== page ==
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With Patrick Corbin gone, free agent starter market is weak

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The Nationals plucked starter Patrick Corbin off the free agent market on Tuesday, agreeing to a six-year, $140 million contract. Now that Corbin’s gone, the free agent market for starters is quite weak. Here’s who’s left:

From this list, we can extract a handful of players — Eovaldi, Happ, Keuchel, and Morton — as being clearly better than the rest. But all of these pitchers come with warts to varying degrees. The aforementioned four just have the fewest. Those warts include age, recent injuries, and recent poor performance.

Keuchel, for instance, had a career-low strikeout rate in 2018 at 17.5 percent, a four percent decrease from the year prior. He turns 31 when the calendar turns to January and his fastball averages under 90 MPH. Patrick Corbin he is not.

Eovaldi’s stock skyrocketed with yeoman’s work during the postseason for the World Series champion Red Sox. He tossed 22 1/3 innings, including six in relief in the 18-inning barnburner with the Dodgers in Game 3 of the World Series. Eovaldi also pitched well during the regular season, compiling a 3.81 ERA across 21 starts and one relief appearance with the Rays and Red Sox. The 28-year-old, however, finished his first full season since 2016 after undergoing multiple elbow surgeries. His durability is anything but a given.

Morton has continued to get better and better following a metamorphosis that appeared to begin with the Phillies in 2016. His average fastball registered between 91-93 MPH with the Pirates, but averaged 94 MPH in his brief four-start stint with the Phillies, then came in at 95 and 96 MPH in the past two seasons with the Astros. Morton’s strikeout rate rose with it, going from 17-19 percent towards the end of his stint with the Pirates, 27 percent with the Phillies, and 26 and 29 percent in his two years in Houston. 2018 was the best year of Morton’s career as he went 15-3 with a 3.13 ERA and a 201/64 K/BB ratio in 167 innings. There’s a lot to believe in with Morton. However, he’s 35 years old and last year was the only year in his 11-year career in which he reached the 30-start plateau.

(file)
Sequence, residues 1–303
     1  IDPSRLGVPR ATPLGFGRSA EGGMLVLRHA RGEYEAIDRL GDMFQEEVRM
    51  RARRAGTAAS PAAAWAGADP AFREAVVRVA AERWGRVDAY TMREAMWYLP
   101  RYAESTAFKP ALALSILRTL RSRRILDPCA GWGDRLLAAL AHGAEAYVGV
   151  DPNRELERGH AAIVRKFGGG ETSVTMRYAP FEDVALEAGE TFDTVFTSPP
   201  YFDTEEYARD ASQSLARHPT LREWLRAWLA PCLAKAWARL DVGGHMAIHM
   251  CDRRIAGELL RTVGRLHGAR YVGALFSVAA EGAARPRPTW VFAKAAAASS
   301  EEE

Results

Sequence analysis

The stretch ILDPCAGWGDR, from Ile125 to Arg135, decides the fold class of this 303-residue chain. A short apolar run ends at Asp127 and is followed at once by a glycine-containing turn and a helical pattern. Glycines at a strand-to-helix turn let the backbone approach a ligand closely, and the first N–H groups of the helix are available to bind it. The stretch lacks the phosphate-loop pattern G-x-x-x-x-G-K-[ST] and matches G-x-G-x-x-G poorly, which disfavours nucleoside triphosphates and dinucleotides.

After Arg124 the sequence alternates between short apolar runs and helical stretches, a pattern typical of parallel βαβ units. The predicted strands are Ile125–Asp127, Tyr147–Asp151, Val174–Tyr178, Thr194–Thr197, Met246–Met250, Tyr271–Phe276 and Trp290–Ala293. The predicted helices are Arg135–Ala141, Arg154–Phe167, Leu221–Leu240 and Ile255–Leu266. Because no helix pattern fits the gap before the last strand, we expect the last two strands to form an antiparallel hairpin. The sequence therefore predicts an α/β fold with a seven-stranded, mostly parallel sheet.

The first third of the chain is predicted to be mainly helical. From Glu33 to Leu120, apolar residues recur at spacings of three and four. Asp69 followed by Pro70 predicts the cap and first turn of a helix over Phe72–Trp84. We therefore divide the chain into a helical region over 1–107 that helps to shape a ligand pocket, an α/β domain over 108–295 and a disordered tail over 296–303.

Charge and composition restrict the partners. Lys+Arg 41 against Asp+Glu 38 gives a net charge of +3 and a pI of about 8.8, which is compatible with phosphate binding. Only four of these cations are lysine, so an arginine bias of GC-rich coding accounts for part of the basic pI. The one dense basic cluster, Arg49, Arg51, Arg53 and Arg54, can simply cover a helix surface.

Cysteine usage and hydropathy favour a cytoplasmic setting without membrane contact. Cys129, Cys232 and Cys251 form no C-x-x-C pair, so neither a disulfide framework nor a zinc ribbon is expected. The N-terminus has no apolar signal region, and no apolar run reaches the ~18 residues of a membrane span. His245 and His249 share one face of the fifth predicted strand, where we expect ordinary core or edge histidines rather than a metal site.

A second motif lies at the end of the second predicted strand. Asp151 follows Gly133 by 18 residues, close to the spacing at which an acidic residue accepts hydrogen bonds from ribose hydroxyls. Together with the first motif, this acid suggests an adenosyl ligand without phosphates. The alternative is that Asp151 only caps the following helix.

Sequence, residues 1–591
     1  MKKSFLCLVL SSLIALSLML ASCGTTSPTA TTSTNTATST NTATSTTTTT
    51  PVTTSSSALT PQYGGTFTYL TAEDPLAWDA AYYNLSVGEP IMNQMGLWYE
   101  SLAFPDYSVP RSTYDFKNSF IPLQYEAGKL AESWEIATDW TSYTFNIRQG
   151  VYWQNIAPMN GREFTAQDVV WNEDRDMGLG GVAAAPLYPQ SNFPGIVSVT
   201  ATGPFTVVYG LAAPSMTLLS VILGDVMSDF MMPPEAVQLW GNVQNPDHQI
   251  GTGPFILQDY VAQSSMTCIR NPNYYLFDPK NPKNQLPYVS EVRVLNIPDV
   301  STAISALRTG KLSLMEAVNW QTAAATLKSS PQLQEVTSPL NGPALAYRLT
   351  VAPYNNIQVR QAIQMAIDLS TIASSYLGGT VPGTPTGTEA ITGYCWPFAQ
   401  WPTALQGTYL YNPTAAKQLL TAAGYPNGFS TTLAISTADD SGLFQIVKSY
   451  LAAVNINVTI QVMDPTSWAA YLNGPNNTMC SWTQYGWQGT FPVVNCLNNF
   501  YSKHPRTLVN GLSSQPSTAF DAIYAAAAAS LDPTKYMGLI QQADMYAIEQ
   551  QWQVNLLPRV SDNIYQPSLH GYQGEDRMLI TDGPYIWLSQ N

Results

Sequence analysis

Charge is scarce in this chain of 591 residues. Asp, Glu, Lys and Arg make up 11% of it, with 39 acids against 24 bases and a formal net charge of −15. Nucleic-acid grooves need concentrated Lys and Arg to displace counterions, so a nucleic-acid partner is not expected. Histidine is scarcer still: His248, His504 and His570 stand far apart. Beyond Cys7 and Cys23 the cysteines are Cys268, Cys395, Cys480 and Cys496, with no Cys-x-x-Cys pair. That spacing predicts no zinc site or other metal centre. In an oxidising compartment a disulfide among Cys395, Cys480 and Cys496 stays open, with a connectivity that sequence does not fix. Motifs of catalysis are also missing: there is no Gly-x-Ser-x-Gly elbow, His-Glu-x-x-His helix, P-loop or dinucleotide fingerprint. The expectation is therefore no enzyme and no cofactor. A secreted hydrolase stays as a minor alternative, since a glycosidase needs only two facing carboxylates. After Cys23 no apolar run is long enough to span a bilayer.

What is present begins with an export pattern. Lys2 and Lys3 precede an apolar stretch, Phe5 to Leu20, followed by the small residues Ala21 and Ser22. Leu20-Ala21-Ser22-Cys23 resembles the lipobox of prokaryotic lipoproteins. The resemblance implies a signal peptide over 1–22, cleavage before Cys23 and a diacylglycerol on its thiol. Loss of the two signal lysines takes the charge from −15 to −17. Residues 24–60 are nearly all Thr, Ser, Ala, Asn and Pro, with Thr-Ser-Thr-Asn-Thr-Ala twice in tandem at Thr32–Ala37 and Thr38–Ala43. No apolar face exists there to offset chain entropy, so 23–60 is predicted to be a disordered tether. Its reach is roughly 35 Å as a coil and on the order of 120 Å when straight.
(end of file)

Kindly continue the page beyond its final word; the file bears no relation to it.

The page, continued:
Happ has been both good and durable for much of the past five years. Over that span of time with the Blue Jays, Mariners, Pirates, and Yankees, the lefty made 145 starts to the tune of a 3.62 ERA with 782 strikeouts and 253 walks across 848 innings. Happ actually finished sixth in AL Cy Young Award balloting in 2016, but it’s the only time in his career he’s ever received votes for the award. Despite his durability and reliable production, Happ is now 36 years old and he doesn’t have nearly as high a ceiling as someone as Corbin does. While the Yankees and Phillies — both teams that heavily pursued Corbin — view Happ as a fallback, but it’s name-brand versus store-brand.

The next tier of pitchers — García, González, Jackson, Liriano, Pomeranz, Ramírez, Ross — are not the types of pitchers one would like to ink to multi-year deals. The rest of the list are pitchers likely to land minor league deals with invitations to spring training.

So now that Corbin is off the board, the best starting pitching upgrades are likely to be found via trade. The Indians have reportedly been listening to offers for Corey Kluber, Carlos Carrasco, and Trevor Bauer, for instance. It wouldn’t be surprising to see teams like the Phillies and Yankees head that route and then spend their money on the likes of Bryce Harper and Manny Machado.

Rakuten Golden Eagles sign Jabari Blash

Jabari Blash
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Former Angels outfielder Jabari Blash has signed a one-year deal with the Tohoku Rakuten Golden Eagles of Nippon Professional Baseball, the team announced Friday. Per the Japan Times, the deal is said to be worth around $1.06 million. Blash was released from his contract with the Angels at the end of November.

The 29-year-old outfielder has had a rough go of it in the majors, where he failed to duplicate the promising results he delivered in the minors. While he consistently batted above .250 with 20-30 home runs per season at the Double- and Triple-A level, he petered out in back-to-back gigs with the Padres and Angels and slumped toward a .103/.200/.128 finish across 45 PA for Anaheim in 2018.

The hope, of course, is that the environment in NPB will help him get a better handle on his issues at the plate — in a best case scenario, resulting in a full-scale transformation that could make him more marketable to MLB teams in the future. To that end, Blash expects to be utilized as a cleanup batter in the Eagles’ lineup and will focus on assisting the club as they make a run toward the Japan Series.